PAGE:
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  8. Loved this post . And also loved how you and your family keep in touch with your roots. Not many children today, are fortunate to have the actual experiences your children do, of living in a big town, but also being able to enjoy the rural ethos. The tea flower was a revelation, as were all the goodies you were lugging back to Guwahati :-) .

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    1. One class friend of my daughter made fun of her by asking why she always goes to a village when many other friends go to exotic holidays.I am glad that the comment hardly effected her because she loves every minute of her holidays at Naamkhola.For me too that tea flower is a revelation.Thanks for reading:)

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  9. Very beautiful account of a tea garden. I have never visited one. So this was a new experience for me. I have heard about wild elephant attacks though, it sounds really scary.
    Hope you have a lovely weekend Kavita:)

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    1. Elephant attacks are scary Arti ,that's the reason we avoid overnight stays there.Thanks for reading .Have a wonderful weekend:)

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  10. interesting to read and great visuals....thanks

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  11. Kavita: this was very informative, even for a fellow Assamese. Thank you. There is something unique about Assam's greenery-I am surrounded by greenery here in the US but it never compares the 'green' you get back home. It is beautifully luscious and vibrant.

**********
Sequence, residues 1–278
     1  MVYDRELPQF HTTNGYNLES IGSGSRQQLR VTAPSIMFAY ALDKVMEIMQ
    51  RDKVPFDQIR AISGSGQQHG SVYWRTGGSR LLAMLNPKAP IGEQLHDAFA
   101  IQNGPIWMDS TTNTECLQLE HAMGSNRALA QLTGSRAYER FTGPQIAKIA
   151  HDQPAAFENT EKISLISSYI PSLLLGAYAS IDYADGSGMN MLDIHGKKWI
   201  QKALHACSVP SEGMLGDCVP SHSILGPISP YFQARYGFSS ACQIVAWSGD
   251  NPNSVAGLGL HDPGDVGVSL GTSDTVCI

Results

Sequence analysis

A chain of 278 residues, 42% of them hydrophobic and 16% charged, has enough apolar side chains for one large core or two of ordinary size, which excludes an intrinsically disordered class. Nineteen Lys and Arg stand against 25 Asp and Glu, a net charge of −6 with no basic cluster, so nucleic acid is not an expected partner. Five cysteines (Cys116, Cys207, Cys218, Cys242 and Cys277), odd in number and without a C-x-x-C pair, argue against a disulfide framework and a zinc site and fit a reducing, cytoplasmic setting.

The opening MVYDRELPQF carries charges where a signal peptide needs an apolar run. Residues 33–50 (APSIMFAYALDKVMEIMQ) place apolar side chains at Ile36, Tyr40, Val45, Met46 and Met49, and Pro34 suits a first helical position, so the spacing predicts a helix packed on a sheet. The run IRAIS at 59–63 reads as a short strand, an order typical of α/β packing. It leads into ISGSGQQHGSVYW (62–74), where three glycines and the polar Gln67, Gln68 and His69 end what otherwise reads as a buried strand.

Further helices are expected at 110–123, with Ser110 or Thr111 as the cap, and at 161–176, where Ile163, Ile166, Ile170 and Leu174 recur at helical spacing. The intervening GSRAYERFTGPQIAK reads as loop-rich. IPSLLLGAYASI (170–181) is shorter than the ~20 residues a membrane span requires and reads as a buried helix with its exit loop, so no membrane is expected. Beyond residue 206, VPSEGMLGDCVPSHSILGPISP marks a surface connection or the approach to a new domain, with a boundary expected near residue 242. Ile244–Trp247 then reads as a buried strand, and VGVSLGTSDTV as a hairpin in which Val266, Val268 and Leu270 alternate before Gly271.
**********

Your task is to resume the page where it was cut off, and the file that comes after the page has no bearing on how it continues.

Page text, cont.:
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    1. I agree with you Sukanya ,home is always the best :)
      Loved seeing you here .Thanks.

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  12. Kavita Ba, Nice to read your post & Beautiful photos.Thanks for sharing.

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    1. Rupam I am glad you liked it.Thanks.

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  13. I just realized that I have never seen a tea flower before... Everything has a first:)) Excellent post

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  14. Fascinating stuff ..... living in a country noted for our love of tea, I had no idea about most of the things you mention, the fact that the plant produced such pretty yellow flowers is a complete revelation to me.

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    1. Most of our tea goes to your country Tracy :)
      Thanks .

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  15. I too had never seen a tea flower before - they are beautiful! I am very much in favor of people who run small farms and businesses. What a wonderful privilege to be able to visit such a vibrant place, and be able to participate in such a tradition! :=}

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    1. I agree ,it indeed is a wonderful privilege .Great to see you here Clytie :)
      Thanks.

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  16. Wow , tea/coffee gardens are always pleasure to visit ..... Have visited a lot of tea/coffee garden in Chikkamagalur and Coorg .

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    1. Thanks .I have never been to a coffee garden .Do write a post on one of your visits:)